The statement ‘nature trumps nurture’ is referring to the nature versus nurture debate that has been ongoing in psychology since its origin. The debate aims to examine to what extent human development is influenced by our genetic inheritance (nature) and by external environmental influences (nurture). One principle which is focussed on within this debate is intelligence, which often refers to IQ or established factor ‘g’ (Spearman, 1904). Overall, research suggests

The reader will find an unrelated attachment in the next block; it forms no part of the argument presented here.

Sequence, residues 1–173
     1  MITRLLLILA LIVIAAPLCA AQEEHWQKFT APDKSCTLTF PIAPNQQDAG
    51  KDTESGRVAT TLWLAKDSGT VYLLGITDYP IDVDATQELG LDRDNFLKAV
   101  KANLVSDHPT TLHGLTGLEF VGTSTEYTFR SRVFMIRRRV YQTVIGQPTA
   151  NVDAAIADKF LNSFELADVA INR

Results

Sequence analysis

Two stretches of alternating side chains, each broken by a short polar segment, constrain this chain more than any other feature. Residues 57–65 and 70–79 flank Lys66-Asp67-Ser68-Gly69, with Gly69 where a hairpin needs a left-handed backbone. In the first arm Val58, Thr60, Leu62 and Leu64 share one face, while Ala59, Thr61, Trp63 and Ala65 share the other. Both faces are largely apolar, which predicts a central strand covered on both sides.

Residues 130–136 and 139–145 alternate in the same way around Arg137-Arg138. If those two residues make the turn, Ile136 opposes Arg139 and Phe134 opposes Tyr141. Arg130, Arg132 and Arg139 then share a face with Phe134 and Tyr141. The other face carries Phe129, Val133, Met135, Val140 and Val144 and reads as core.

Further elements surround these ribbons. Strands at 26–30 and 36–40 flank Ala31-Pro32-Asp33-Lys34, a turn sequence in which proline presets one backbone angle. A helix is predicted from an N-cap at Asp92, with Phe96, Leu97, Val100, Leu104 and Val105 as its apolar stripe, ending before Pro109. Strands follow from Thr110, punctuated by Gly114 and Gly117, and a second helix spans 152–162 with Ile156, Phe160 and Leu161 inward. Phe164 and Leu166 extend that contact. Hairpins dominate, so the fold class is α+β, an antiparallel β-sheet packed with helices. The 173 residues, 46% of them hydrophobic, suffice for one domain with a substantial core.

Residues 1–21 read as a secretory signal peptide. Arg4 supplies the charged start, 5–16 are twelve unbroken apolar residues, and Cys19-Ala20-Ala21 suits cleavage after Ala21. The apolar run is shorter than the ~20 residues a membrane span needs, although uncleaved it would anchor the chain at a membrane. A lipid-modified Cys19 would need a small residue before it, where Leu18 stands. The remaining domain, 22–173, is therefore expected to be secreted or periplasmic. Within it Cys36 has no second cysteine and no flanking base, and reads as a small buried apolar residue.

that genetic variance in intelligence increases throughout development, explaining around 50% of variance in adulthood (Chipuer, Rovine & Plomin, 1990), whilst environmental influence decreases throughout this developmental period (McGue, Bouchard, Lacono & Lykken, 1993). This essay will assess the influences of both nature and nurture in relation to intelligence and shall finally conclude that although it is clear that heritability of intelligence is extremely important, environmental influence still remains relatively influential, as social context can determine how genes are expressed (Kurp, 2006). Assessing the biological influence relating to intelligence is often examined using twin studies. This is because if intelligence is heritable, we expect to see highly similar levels (concordance rates) of intelligence in individuals who share the same genetic material (monozygotic twins) and less similar levels in dizygotic twins who are thought to share around 50% of their genes.</p> <p>Plomin (1994) assessed results from over 10,000 twin studies and found that monozygotic twins correlated higher (0.8) for intelligence than dizygotic twins (0.5), which supports the view that intelligence is a heritable trait. In addition to this, examining identical twins that have been reared apart provide us with further genetic evidence as in these cases; monozygotic twins often produce highly similar intelligence test scores despite being reared apart and subjected too different environments (Shields, 1967). Therefore, if environment was an influencing factor we would expect to see concordance rates decrease. However, Bouchard, Lykken, McGue, Segal and Tellegen (1990) assessed over 100 sets of twins and triplets reared apart, and subjected them to intense psychological assessment. The results demonstrated that at least 70% of the variance in IQ was found to be due to genetic variation. This evidence strongly suggests that intelligence is largely dependent on our genetic material that we inherit from our parents, leaving little room for environmental influence to infiltrate the development of this trait. Moreover, further biological factors influencing intelligence may come from physical properties of our organism determined by our genes. Jenson (1998) suggested that larger brain size actually related to higher levels of intelligence, and this has been confirmed by a meta-analysis carried out by McDaniel (2005).</p> <p>Upon analysing the results of several brain imaging studies, McDaniel concluded that there is a relationship between whole brain volume and psychometric established measures of intelligence. Additionally, Hunt (2007) found that tissue density and white matter within the frontal and parietal lobes in the brain correlate strongly with performance on intelligence scales in young people (Schmithorst, Wilke, Dardzinski & Holland, 2005) and in adults aged between 18 and 84 years (Haier, Jung, Yeo, Head, & Alkire, 2004). However, it has arisen that there are methodological flaws in some twin studies used to support this debate which could inflate results. For example, a study by Sheilds (1967) found strong correlations reflecting intelligence in monozygotic twins reared apart, however the sample differed in what ages the twins/triplets were separated, and some twins were raised by secondary family members which could have inflated genetic variance estimations (Bouchard et al, 1990). More importantly, although genetics highly correlates with intelligence, correlation does not imply causation. Despite this, it is due to this profound amount of evidence demonstrating the role of genetics in intelligence that many researchers believe that nature does trump nurture in this case. This could have negative implications as children from less intelligent families may feel inferior to children from academic families.</p> <p>It must be taken into account however that if heritability is seen as explaining approximately 50% of the variance in intelligence, there is still another 50% that cannot be explained by our biology, and some of this variance, amongst unexplainable factors, is due to the environment (Plomin, 1994). Adoption studies provide environmental influence estimates as in these scenarios, unrelated individuals are subjected to the same environment. Bouchard (1998) assessed several adoption studies and concluded that shared environmental influence had a relatively small, close to zero effect on overall intelligence. Contrary to this, Chipuer et al (1990) found that the magnitude of the shared environment parameter increases with the degree of relativeness. It was suggested that shared environment accounts for 35% of variance in intelligence in twins, however this decreased to 22% for siblings. It has been noted by Chipuer et al (1990) that failure to take this into consideration could inflate genetic heritability estimates, thus deflating approximate environmental estimates, potentially skewing conclusions drawn. Moreover, there is strong evidence suggesting that the environment plays a more important role in intelligence during the early years of development, as the heritability influence is thought to increase with age.</p> <p>McGue et al (1993) found that the correlational intelligence between monozygotic and dizygotic twins increase gradually from early (20-30%) to middle childhood (40%), followed by a great increase in adulthood (50%) suggesting increased genetic influence. This means that more variance in intelligence could be explained by the environment during childhood. This has been proven by Jenson (1998;1997) who found that the environment accounts for around 55% of variance in IQ during early childhood, however this figure diminishes to near 0% in late adulthood. Furthermore, as suggested by the Nature of Nurture Theory (Plomin & Bergemen, 1991) it could be the case that our genes influence the way we interact and become involved in our environment, meaning that even the suggested small contribution of nurturing in relation to intelligence is controlled by our genetics. An example of this can be seen by the established heritability of the personality trait ‘openness to experience’ (Bouchard & Loehlin, 2001), which correlates highly with intelligence (Chamorro-Premuzic Moutafi, & Furnham, 2005) more so than any other trait. This could be due to the fact that people who score highly on this trait are more likely to interact with their learning environment (Ashton, Lee, Vernon, & Jang, 2000) resulting in increased intelligence scores.</p> <p>However, a large majority of the evidence investigating environmental influence in relation to intelligence comes from adoption studies. Some researchers suggest that this sample is not representative of the general population due to the adoption situation itself (Baumrind, 1993), as adoptive parents tend to be more affluent than the general population of parents (Morton, 1987). Additionally, although research tends to belittle the influence of environment relating to intelligence, there is one observation that cannot be explained by genetics. The so called ‘Flynn effect’ (Flynn, 2007) is an observed huge gain in IQ scores from generation to generation, shown by a continuous and positively linear correlation. These IQ gains suggest mass influence of the environment as genetics do not offer an explanation for this occurrence, and this in its self suggests that the environment must exert influence on intelligence to some extent. One explanation suggested to explain this phenomenon is improved nutrition (Lynn, 1998), as high vitamin ingestion as can be seen in the modern world, has been found to link with higher intelligence scores (Benton & Roberts, 1998).</p> <p>Upon summarisation of this evidence, it must be noted that there are disagreements surrounding how intelligence should be measured. ‘Intelligence’ is often measured by an Intelligence Quotient (IQ) which is a set of standardised tests which are designed to measure a person’s cognitive abilities. Although research has found that it has adequate statistical validity for numerous clinical purposes (Anastasi, Anne, Urbina, Susana, 1997), in recent years the scale has been criticised. It has been pointed out that the brain is one of the most complex objects known, so using one standardised measurement to assess its ability cannot be correct or valid (Collins, 2012). The IQ test is accused of being racially bias (Fagan & Holland, 2002) and not examining all aspects of what defines ‘intelligence’ (McClelland, 1973). This then suggests that although IQ is a well-established method of measuring intelligence, its results may only be measuring a narrow concept of intelligence (Flynn, 2007). In conclusion, it is clear that intelligence is highly heritable, as research suggests that above 50% of variance in IQ can be explained by genetics (Plomin, 1994), despite some studies possessing methodological flaws (Bouchard et al, 1990). Evidence suggests that genetic influence increases with age, which means that the environment may play more of a role in the development of intelligence in early years of life, with its influence slowly diminishing with time.</p> <p>As nature appears to influence nurture (Plomin & Bergemen,1991) it appears that nature does trump nurture in relation to intelligence as ultimately, when assessing adult intelligence, the environment seems to have little if no influence. It must be considered however that tests implied to measure intelligence may not be completely accurate, and may be bias towards certain cultures and societies (Fagan & Holland, 2002).</p> <p style="text-align: center;">References<br /> Anastasi, Anne; Urbina & Susana (1997). Psychological Testing (Seventh ed.). Upper Saddle River (NJ): Prentice Hall. pp. 326–327. Ashton, M. C., Lee, K., Vernon, P. A., & Jang, K. L. (2000). Fluid intelligence, crystallized intelligence, and the openness/intellect factor. 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Show MoreIntelligence is “the capacity for learning, reasoning, understanding, and similar forms of mental activity.” (dictionary.com) As humans, our intelligence is derived from and developed through nurture: our surroundings, environment, and experiences. Our intellect is developed throughout our lives, with assistance from our early childhood development, our families, and through schooling.